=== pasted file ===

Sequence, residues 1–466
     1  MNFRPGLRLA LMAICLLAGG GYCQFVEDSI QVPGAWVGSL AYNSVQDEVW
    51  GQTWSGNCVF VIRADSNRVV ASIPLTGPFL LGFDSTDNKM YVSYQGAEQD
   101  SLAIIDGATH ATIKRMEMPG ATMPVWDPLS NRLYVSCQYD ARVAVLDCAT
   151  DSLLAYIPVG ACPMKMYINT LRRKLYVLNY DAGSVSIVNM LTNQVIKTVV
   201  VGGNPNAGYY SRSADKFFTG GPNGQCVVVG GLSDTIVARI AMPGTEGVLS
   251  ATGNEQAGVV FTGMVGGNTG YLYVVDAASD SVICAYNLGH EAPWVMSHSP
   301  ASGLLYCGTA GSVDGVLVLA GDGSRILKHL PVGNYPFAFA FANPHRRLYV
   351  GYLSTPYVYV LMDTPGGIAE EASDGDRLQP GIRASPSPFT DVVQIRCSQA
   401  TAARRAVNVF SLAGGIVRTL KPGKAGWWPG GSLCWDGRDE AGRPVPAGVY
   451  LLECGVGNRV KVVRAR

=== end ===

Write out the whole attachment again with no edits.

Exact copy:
Sequence, residues 1–466
     1  MNFRPGLRLA LMAICLLAGG GYCQFVEDSI QVPGAWVGSL AYNSVQDEVW
    51  GQTWSGNCVF VIRADSNRVV ASIPLTGPFL LGFDSTDNKM YVSYQGAEQD
   101  SLAIIDGATH ATIKRMEMPG ATMPVWDPLS NRLYVSCQYD ARVAVLDCAT
   151  DSLLAYIPVG ACPMKMYINT LRRKLYVLNY DAGSVSIVNM LTNQVIKTVV
   201  VGGNPNAGYY SRSADKFFTG GPNGQCVVVG GLSDTIVARI AMPGTEGVLS
   251  ATGNEQAGVV FTGMVGGNTG YLYVVDAASD SVICAYNLGH EAPWVMSHSP
   301  ASGLLYCGTA GSVDGVLVLA GDGSRILKHL PVGNYPFAFA FANPHRRLYV
   351  GYLSTPYVYV LMDTPGGIAE EASDGDRLQP GIRASPSPFT DVVQIRCSQA
   401  TAARRAVNVF SLAGGIVRTL KPGKAGWWPG GSLCWDGRDE AGRPVPAGVY
   451  LLECGVGNRV KVVRAR